Sunday, March 17, 2013
The Lessons of Winter
Winter has been one of the seasons with which I have had the most struggle. Because I have always found the outdoors a place where I spend so much time, almost as another room in my home, having a season where I was disconnected from that place, from that room, has always been difficult. Of course, the weather has never been so cold that I could not spend time outdoors, but the weather is cold enough that one cannot spend time outdoors for very long. And there is not much to do in the garden with all of the garden dwellers taking their winter nap--resting for that graceful emergence in spring. Things always appear so dull and lifeless. And the only time I could see the beauty of the winter landscape was when the snow covered everything in its sparkling and magical coat. In my neck of the woods, the snow does not appear often nor remain for very long. So, I would spend much of my winter indoors separated from the room which I love so dearly and long for so much.
Beth of Plant Postings hosts Lessons Learned for all the seasons, and so I offer some lessons learned about winter.
Nature has always provided me with a place where I feel closest to spirit. Since I was a child and I found solace among the trees at the end of the day, nature has been my cathedral. The birds sing joyful hymns, and the trees knock together bass bell sounds as the wind caresses their branches. The leafy forest floor is my pew, and the majestic colors of flora are the stained glass windows. All around me in the forest and in my garden is the wonder of divinity. In the winter, I am not able to spend a lot of time in this sacred place.
In recent years, I have come to appreciate winter--taking the lead from nature to rest, to gather my strength for the activity of upcoming seasons. And I look at winter's landscape in a much different way than I did many years ago. I see so much more of the beauty in that sparsely decorated vista of winter. Sometimes there is a great elegance in things when they are stripped of all the outer coverings, all the decorative wrappings--leaving a bare and stark vulnerability.
Many years ago what I saw in the winter landscape was death and lackluster interest. The gray and brown was bleak and sad, and I had no desire to look at it unless it was covered in the white crystals of snow. As years have passed, I see it all so differently. I see the branches as they shift and curve and intertwine. I see the architectural shapes and towers, reaching and extending like a painter's brush gently sways across the canvas. The subtle shades of gray and brown and black splatter across the forest with beauty, melding together to create a starker, yet gentle, flow of lines and arches and bends. I am quite enamored by it all now, and see the depth of elegance in the trees as they grow up and outward--all hidden when leaves are present.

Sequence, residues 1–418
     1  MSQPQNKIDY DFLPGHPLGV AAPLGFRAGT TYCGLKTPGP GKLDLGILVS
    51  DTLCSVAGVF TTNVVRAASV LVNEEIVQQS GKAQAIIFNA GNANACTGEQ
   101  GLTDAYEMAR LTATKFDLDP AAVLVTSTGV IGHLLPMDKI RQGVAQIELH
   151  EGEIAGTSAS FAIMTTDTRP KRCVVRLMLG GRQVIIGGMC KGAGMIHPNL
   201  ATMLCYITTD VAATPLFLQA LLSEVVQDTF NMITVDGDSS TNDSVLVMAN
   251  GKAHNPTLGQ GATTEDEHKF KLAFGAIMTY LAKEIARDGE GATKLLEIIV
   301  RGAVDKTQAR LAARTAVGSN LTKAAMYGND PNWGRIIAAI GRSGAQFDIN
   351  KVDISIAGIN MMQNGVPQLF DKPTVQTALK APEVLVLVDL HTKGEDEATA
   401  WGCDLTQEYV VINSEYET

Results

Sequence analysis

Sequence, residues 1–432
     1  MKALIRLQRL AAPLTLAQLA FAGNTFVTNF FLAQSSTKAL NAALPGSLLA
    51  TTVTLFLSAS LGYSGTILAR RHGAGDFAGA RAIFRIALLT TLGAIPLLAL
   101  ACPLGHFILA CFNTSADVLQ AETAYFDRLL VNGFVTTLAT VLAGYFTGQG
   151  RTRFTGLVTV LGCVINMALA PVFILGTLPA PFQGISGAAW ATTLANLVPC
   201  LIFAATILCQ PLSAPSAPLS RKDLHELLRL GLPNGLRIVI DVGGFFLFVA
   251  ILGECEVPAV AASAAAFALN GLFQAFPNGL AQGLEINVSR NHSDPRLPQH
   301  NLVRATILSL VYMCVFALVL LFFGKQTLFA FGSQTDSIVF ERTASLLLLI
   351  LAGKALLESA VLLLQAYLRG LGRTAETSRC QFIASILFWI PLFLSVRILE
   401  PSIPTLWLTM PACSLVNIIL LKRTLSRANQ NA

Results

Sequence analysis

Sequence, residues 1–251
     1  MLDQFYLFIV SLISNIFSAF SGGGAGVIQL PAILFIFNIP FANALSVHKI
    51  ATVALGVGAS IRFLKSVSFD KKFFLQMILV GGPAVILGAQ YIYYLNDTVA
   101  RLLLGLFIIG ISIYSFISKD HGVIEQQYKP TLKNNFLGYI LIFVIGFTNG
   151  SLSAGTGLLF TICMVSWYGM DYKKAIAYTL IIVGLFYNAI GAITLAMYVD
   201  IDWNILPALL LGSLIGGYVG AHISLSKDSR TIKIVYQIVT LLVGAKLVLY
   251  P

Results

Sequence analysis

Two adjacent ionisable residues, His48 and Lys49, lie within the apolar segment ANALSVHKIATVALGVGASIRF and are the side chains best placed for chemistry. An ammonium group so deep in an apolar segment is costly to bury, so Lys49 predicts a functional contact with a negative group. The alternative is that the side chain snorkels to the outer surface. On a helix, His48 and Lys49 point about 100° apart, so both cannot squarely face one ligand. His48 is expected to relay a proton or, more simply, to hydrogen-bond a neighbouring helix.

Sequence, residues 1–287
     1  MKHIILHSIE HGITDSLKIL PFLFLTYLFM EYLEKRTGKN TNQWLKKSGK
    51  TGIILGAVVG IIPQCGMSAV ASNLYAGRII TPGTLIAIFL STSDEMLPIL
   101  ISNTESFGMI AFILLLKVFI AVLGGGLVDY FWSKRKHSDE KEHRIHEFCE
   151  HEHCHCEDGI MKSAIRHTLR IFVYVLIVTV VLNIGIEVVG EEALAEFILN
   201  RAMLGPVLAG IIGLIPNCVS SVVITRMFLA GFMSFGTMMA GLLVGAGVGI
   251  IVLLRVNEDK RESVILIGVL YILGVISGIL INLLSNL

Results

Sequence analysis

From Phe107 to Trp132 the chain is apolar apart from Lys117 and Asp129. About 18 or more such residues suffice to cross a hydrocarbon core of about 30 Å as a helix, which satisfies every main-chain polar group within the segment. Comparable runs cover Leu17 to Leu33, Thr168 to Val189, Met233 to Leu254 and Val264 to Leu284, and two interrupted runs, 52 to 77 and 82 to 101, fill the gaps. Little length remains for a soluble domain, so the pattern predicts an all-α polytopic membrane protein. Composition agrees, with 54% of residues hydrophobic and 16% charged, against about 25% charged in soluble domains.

I am now able to accept the season of winter with all of its subtle interest and soft whispers. I have learned to be grateful for the slowing of pace and for having the opportunity to see what I cannot see in other seasons. Mostly, I think I am grateful to live in an area where I can experience the depth of the four seasons so perfectly.
Donna of Gardens Eye View looks forward to celebrating the seasons with Season Celebrations. And with a few more days left in winter, spring has already shown signs of emergence.
After a long season of savoring the refined grace of winter, it is time to celebrate and be awed by the color and youth of spring.
Spring bursts out with such fervor and beauty. It reminds us of all the things that life can offer, such as innocence, joy, creativity. We cannot walk out of our door without seeing its smile in the abundance of flowers, the gushing buds, or the drenching of color. And that smile can only bring us to smile. May you have a very happy spring!
© copyright 2013 Michelle A. Potter
Posted by The Sage Butterfly